It's Not Just the MusicJust as room acoustics in a concert hall can make or break the presentation of a symphony orchestra, the acoustics in a meeting or conference room can make or break an important conference, conference call or video conference. When there's difficulty hearing and understanding an oral presentation, it's hard to take care of business as usual.
Speech is best heard and understood in rooms with a minimum of flat, hard surfaces that reflect sound. There are a number of ways to restore clarity in conference rooms, two of which are sound absorption and sound masking. The strategy used will be dependent upon the makeup of the room being considered.
Ceiling tiles and industrial-grade, thin carpet are often found in a typical office or conference room. A combination of one or both may be adequate for an individual or a small group to achieve an acceptable sound level. In a larger group setting, it is best to add Ambience acoustic ceiling tiles, wall panels, baffles or clouds suspended from the ceiling to tune the room acoustics. The benefit is an increase in productivity, creativity, and comfort.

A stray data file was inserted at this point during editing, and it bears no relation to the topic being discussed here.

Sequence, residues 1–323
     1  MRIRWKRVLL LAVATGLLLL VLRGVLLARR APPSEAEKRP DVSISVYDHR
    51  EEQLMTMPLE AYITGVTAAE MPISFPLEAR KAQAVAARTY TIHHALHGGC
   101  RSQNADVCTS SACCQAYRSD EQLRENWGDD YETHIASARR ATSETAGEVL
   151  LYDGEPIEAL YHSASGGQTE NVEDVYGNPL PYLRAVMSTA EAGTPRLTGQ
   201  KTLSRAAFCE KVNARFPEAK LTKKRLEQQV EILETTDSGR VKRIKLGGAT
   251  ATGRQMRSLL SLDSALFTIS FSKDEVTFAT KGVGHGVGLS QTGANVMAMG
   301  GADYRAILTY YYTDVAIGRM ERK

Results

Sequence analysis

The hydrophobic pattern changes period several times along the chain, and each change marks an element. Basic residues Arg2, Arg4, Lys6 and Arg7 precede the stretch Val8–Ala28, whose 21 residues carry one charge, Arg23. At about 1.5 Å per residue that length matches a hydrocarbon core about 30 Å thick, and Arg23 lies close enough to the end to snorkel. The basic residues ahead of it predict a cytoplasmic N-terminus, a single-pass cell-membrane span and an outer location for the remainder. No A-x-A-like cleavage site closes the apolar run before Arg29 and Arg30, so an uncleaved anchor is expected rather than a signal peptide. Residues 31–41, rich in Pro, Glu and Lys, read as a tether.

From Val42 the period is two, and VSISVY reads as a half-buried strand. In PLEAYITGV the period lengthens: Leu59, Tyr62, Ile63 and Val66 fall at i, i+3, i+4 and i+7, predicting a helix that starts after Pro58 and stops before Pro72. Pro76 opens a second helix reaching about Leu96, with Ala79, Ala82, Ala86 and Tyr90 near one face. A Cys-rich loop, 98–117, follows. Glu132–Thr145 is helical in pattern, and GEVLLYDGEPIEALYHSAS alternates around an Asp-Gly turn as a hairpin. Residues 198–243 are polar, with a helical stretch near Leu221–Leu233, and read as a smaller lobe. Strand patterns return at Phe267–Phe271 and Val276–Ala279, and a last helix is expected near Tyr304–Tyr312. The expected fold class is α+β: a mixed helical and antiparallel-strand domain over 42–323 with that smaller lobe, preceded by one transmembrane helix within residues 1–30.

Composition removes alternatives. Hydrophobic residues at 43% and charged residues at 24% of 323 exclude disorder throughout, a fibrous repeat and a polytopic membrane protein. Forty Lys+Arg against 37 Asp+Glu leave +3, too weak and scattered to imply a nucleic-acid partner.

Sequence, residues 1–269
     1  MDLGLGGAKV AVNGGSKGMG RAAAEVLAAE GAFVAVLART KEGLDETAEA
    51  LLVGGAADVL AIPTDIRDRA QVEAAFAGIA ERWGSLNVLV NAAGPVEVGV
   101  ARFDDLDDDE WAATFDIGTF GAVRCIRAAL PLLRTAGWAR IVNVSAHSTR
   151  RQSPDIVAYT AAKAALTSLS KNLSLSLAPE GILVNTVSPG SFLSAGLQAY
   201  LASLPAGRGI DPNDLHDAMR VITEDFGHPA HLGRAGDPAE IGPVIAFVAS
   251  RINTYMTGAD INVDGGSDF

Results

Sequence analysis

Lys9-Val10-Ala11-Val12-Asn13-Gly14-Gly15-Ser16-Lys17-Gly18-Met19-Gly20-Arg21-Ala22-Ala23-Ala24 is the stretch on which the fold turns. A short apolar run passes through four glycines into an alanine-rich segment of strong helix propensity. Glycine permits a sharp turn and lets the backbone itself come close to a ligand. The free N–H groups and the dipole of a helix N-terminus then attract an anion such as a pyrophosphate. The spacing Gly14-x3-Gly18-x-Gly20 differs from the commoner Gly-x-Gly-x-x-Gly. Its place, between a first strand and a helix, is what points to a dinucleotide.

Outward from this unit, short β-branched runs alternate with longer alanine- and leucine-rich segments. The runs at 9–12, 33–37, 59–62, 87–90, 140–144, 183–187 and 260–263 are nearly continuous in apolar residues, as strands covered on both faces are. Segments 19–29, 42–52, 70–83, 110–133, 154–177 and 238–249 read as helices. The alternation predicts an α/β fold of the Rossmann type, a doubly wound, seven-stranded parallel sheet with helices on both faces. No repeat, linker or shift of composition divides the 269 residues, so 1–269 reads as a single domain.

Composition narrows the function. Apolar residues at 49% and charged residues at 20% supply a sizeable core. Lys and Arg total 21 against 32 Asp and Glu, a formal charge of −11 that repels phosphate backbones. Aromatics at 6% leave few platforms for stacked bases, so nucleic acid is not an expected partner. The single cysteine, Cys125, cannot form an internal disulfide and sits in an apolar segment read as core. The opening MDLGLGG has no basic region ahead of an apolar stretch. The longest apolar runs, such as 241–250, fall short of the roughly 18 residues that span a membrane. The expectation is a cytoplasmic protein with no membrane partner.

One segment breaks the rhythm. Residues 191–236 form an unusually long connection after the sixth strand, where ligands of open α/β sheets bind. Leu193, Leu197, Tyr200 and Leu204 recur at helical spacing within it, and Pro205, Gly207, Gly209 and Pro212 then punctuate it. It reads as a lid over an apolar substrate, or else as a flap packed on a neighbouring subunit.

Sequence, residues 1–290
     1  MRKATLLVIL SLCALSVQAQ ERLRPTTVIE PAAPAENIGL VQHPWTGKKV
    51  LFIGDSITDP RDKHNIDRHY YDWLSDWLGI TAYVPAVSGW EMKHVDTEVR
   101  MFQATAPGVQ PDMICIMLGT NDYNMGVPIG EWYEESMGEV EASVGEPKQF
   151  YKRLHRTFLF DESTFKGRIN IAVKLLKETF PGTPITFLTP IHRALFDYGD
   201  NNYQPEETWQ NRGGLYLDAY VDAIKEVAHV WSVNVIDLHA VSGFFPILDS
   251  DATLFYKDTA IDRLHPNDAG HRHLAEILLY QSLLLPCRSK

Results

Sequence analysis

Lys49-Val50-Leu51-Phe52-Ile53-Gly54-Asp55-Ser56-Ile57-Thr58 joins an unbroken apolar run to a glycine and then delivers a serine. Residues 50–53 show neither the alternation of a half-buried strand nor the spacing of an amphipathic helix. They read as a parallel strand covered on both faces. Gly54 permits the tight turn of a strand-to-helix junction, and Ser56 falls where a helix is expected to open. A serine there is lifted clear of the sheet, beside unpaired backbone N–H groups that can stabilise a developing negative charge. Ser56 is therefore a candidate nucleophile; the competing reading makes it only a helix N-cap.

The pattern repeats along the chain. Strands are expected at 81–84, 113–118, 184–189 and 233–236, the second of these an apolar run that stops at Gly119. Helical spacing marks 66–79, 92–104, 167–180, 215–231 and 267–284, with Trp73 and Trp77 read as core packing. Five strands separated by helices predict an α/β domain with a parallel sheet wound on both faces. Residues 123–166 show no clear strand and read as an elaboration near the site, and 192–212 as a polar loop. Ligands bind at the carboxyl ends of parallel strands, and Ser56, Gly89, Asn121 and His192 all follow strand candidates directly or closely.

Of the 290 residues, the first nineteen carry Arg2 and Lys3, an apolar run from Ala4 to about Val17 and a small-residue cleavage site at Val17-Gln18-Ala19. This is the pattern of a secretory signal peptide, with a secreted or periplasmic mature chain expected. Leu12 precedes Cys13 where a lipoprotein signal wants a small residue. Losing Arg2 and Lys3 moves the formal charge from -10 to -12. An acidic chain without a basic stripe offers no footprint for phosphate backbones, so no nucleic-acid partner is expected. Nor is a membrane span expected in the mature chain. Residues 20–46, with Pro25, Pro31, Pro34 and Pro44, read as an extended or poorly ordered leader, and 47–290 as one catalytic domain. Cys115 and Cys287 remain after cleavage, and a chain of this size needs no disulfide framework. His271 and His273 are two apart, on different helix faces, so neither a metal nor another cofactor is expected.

Sound Proofing vs. Acoustics ImprovementIf your meeting room is next to a noisy hallway, improving internal acoustics to make presentations easier to understand will have to work hand-in-hand with soundproofing the room from exterior noise. The same goes for noise that may be outside of the building the meeting room is in, especially if there are windows on the exterior wall.
Soundproofing windows doors can either be replaced with special soundproofing doors or, alternatively, you can enhance a solid wood door by using door frame seals.
3 Simple Solutions To Improving Conference Room AcousticsHere are a few simple ideas to consider when trying to improve the acoustics in your conference or meeting room:
1. Counteract hard, flat surfaces with the addition of softer furniture and décor. Swap out hard chairs and install soft, cloth-covered ones. Add rugs or carpeting and sound-absorbing curtains or drapes.
2. You can mask external noise by incorporating “white noise” created by the use of a small water feature or a recording of soft background sounds.
3. Acoustic baffle panels hung from the ceiling or walls can act to reduce echo or reverberation in your meeting room. These hanging baffles can also add an aesthetic touch to the space. Acoustic panels can also be placed on doors to enhance noise reduction in your room.
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